The practical use of mind/body therapies cuts across all healthcare practices due to their inherent significance in the prevention and treatment of major illnesses or in decreasing/increasing the effect of treatment on the patient’s body such as in chemotherapy and surgical interventions (Burman, 2003). Therefore, nurses find it very important to include natural therapies in their treatment/teaching plans involving health promotion and disease prevention. In so doing, studies note that the role of nurses is gradually shifting from the traditional caregiver mentality to a healer (Blais & Hayes, 2011). Accordingly, nursing diagnoses that require mind/body therapies include fear, social isolation, anxiety, impaired social interactions, spiritual distress, and body image disturbances among others. Some mind/body interventions currently in use include massage therapy, chiropractic medicine, osteopathic medicine, neuropathic medicine, and homeopathy. Moreover, these mind/body therapies may be used separately or in conjunction with other alternative therapies such as essential oil and aromatherapy, detoxification therapy, environmental medicine, enzyme therapy, or oxygen therapies (Burman, 2003, pp. 28-34).
From the foregoing discussions, it is important to note that the increasing cost of healthcare provision through the use of allopathic medicines is promoting the shift to the use of alternative medicines, which are cost effective, safe, and efficient in the management of certain disease conditions. Furthermore, the increased application of alternative medicines in nursing has been shown to shift the role of nurses from being the traditional caregivers to healers who can look at their patients in a holistic manner and guide them through the healing and disease prevention phases. As a result, there is the need to encourage more nurses to embrace alternative therapies in their day-to-day operations for the benefit of their patients.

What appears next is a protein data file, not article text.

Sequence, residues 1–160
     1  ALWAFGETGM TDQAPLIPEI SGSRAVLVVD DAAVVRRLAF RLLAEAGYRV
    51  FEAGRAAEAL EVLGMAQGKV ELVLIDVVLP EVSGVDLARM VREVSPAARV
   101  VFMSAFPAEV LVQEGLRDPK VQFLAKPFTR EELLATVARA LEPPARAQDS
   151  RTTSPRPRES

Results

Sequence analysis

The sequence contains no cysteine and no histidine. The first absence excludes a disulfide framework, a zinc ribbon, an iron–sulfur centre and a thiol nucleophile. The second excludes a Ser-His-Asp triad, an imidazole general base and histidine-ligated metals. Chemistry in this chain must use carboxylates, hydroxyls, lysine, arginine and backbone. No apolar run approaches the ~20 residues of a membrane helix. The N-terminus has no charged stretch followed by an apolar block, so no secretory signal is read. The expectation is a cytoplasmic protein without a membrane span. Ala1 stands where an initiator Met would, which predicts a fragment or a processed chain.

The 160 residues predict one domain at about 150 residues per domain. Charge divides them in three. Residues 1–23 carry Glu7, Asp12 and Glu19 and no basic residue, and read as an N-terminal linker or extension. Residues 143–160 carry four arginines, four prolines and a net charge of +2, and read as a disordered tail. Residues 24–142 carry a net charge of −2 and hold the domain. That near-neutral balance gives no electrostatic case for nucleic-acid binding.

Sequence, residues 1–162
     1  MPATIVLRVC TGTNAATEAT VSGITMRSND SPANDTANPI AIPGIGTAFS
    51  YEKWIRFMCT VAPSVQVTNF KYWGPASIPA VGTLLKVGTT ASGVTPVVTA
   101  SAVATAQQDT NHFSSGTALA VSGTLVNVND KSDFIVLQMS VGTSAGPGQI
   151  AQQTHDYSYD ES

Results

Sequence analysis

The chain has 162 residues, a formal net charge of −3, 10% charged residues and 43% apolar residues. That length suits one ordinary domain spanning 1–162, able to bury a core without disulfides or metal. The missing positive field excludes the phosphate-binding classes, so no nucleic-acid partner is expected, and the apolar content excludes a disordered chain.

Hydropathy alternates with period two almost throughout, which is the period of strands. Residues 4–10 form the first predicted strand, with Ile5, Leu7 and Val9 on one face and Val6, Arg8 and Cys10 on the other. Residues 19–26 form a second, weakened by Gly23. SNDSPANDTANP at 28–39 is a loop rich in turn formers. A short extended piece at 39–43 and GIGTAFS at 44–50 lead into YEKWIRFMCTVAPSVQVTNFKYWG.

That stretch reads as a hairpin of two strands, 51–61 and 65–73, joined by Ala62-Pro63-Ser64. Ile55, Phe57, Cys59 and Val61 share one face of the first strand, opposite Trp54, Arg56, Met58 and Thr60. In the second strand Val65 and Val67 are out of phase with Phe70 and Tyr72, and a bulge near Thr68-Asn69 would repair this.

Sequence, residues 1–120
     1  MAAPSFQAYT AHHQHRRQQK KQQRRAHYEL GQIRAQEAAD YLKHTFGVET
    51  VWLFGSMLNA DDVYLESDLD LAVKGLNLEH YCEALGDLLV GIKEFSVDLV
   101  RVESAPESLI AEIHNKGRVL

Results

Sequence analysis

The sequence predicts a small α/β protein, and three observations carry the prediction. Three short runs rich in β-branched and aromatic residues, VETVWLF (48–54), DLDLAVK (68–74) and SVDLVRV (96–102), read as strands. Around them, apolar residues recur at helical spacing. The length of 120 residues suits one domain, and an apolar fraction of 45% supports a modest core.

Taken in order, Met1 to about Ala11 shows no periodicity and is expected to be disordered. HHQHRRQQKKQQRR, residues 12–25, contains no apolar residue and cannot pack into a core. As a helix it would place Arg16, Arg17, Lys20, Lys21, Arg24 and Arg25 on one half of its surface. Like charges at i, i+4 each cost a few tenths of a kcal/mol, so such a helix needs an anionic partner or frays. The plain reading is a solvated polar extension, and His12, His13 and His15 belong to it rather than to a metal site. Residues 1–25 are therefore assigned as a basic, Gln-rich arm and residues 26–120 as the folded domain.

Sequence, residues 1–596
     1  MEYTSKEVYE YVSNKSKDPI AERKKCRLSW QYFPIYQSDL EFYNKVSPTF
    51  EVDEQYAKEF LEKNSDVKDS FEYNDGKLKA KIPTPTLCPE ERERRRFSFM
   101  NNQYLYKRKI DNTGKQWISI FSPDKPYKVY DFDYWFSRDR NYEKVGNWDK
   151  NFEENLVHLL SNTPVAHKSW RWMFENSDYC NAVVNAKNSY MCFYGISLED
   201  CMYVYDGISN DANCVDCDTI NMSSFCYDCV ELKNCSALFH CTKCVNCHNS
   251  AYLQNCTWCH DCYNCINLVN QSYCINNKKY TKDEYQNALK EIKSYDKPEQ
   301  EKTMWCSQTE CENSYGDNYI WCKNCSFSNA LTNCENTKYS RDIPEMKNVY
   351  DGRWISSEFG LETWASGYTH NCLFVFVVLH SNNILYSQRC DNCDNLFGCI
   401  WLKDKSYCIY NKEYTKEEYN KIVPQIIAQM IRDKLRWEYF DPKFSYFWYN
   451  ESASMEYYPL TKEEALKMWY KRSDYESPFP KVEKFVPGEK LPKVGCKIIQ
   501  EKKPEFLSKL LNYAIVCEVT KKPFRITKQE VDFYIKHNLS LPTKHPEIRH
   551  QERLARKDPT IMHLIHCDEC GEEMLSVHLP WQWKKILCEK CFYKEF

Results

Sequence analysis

Bascom, A. (2002). Complementary and alternative therapies in occupational health. Part II-Specific therapies. AAOHN J, 50(10), 468-477.
Blais, K.K., & Hayes, J.S. (2011). Professional nursing practice: Concepts and perspectives (6th ed.). Upper Saddle River, NJ: Prentice Hall.
Burman, M.E. (2003). Complementary and alternative medicine: Core competencies for family nurse practitioners. J Nurs Educ, 42(1), 28-34.
Mantle, F. (2002). The use of complementary therapies. J Holist Nurs, 20(4), 323-324.